The best way I have found to help students understand and appreciate what it means when I say “writing
is a process” is to include a portfolio component in my writing classes. At the end of the semester, you will
be responsible for collecting and revising the work you’ve done in and outside class. You will turn in both
formal and informal writing, some of it revised, some of it not. You will also include an introduction that
discusses what you’ve learned and provide a self-evaluation of your writing. These portfolios will be
returned with formal letter grades attached that evaluate the work in the portfolio as well as your success
in the class. These will be electronic webtexts that assist you in developing texts in the format journalists
often publish in.

Outside readings will be assigned for each class period. They are listed on the schedule. It is vital to your
grade that you complete all readings and come to class prepared to discuss them.

You will be conferencing with myself and your group for your formal essays three times throughout the
semester to receive more individualized feedback. I will cancel class to accommodate these conferences.
Missing your conference or showing up unprepared without your essay will result in an absence for each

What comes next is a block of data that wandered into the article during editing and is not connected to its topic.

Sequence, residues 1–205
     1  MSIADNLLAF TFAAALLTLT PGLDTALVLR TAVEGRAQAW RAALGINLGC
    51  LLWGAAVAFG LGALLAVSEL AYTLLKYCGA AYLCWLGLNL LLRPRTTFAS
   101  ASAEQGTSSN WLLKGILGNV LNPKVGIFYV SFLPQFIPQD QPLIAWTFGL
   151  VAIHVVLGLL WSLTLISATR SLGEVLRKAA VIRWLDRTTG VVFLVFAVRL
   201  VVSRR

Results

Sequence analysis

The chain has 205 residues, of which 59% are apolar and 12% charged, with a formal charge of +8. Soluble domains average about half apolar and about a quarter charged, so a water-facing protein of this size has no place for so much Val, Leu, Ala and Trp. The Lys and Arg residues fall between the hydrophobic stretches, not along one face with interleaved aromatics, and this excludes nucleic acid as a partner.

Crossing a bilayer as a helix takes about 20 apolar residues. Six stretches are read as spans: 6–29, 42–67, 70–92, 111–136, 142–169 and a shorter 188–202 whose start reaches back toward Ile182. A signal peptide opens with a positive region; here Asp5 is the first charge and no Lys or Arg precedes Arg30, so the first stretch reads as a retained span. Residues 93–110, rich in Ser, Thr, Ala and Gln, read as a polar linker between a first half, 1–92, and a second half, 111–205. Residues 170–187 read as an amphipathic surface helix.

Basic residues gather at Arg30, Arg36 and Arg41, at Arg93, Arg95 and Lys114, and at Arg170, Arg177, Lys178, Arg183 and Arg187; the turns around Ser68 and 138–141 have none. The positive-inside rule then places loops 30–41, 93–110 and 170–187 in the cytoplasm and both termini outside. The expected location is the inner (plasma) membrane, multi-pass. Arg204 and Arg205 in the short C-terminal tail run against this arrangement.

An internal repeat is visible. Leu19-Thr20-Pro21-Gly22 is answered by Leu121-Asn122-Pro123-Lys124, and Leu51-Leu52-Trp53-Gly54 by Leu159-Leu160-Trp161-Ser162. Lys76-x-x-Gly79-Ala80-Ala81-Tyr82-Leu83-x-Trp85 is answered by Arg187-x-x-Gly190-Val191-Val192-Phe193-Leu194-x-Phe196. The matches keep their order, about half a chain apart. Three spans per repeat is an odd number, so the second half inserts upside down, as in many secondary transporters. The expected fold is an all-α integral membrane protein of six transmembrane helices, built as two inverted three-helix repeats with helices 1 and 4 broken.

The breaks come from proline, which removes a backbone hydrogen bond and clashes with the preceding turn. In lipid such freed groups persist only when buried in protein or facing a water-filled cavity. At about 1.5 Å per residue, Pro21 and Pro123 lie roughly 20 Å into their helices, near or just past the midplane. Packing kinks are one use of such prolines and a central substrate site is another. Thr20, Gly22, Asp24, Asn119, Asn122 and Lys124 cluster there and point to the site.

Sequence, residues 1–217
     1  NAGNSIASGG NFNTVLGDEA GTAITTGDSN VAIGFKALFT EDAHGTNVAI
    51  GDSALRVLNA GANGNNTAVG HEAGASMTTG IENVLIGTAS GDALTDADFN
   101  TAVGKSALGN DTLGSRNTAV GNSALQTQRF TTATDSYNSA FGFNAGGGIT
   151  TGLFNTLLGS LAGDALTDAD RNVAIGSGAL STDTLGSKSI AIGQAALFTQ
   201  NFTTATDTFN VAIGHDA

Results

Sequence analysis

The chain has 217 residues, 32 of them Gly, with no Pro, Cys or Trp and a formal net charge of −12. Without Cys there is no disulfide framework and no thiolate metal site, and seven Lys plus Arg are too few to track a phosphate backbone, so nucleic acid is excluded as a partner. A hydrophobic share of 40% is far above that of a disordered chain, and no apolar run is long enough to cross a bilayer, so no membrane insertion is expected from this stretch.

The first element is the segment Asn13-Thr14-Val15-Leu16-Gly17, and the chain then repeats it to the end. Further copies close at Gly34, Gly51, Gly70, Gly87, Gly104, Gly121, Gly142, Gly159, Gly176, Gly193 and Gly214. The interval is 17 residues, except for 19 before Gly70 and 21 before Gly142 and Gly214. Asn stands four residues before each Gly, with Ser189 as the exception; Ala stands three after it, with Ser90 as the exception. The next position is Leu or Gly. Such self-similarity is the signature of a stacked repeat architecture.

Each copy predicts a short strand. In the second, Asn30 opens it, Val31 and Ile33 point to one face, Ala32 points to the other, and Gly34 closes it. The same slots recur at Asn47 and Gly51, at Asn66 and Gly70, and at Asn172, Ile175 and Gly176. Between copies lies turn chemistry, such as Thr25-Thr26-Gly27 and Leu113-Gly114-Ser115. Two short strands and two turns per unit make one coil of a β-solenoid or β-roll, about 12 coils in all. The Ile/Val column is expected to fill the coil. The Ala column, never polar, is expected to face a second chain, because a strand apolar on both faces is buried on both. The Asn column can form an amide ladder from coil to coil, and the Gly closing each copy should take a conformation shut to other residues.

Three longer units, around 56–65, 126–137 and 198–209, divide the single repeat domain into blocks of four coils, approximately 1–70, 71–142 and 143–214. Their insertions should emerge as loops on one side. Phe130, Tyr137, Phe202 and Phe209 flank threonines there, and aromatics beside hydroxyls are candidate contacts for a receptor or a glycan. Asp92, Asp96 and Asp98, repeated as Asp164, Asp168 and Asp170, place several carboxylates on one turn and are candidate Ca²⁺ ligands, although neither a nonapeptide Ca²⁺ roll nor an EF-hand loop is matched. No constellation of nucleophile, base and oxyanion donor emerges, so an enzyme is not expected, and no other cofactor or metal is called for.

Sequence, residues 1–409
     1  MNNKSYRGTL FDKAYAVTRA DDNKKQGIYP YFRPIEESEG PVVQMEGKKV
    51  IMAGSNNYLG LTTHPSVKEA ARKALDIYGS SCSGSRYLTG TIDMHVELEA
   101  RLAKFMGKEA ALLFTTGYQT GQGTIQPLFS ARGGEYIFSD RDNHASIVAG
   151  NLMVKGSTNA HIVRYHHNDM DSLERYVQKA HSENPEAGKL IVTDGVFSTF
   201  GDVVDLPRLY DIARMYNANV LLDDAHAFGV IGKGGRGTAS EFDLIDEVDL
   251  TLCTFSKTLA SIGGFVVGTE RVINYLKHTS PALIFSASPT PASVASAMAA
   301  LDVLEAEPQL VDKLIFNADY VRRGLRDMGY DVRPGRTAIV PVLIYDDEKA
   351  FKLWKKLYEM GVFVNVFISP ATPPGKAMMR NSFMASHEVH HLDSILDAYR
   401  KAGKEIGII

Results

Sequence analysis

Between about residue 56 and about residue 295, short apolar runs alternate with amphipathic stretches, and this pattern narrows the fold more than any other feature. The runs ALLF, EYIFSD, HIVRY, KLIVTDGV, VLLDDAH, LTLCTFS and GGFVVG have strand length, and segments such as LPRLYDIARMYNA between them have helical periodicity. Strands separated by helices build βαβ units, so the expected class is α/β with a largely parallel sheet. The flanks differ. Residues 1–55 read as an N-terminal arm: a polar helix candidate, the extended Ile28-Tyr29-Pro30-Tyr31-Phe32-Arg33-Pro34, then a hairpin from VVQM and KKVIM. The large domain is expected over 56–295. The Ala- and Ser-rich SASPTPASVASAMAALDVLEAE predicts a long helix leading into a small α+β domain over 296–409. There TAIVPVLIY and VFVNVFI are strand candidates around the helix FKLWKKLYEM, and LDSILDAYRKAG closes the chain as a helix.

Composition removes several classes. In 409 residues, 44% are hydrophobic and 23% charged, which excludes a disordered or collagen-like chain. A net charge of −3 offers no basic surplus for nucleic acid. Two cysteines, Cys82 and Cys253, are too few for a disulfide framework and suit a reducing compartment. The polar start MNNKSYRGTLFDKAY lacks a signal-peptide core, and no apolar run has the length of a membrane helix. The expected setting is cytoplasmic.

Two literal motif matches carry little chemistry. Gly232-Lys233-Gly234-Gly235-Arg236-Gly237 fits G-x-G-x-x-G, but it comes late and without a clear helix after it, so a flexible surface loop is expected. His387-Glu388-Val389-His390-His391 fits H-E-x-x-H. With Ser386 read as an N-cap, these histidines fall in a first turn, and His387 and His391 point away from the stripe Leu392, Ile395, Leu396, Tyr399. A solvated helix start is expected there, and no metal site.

All writing you do in this class-drafts, revisions, in-class writing, blogs-should be saved so you have a wide
selection to choose from when putting together your portfolio. It is imperative that you save all your
writing so you can see how you have developed as a writer throughout the course of the semester.

Evaluation and Grading Policies

In this course you will receive tentative letter grades on formal writing drafts. However, it is expected that
this work will be revised for your portfolio. You will be graded holistically on your portfolio. This means I
will evaluate your work overall throughout the semester. Using this portfolio system of evaluation allows
me the opportunity to give you credit for the things that grading individual papers does not: such as effort
and revision and improvement. Although you will receive individual letter grades on each draft, again,
you are expected to use the extensive comments and feedback from me to revise your work. Failure to
revise will be detrimental to your portfolio grade. Portfolio grades will be based on the following criteria: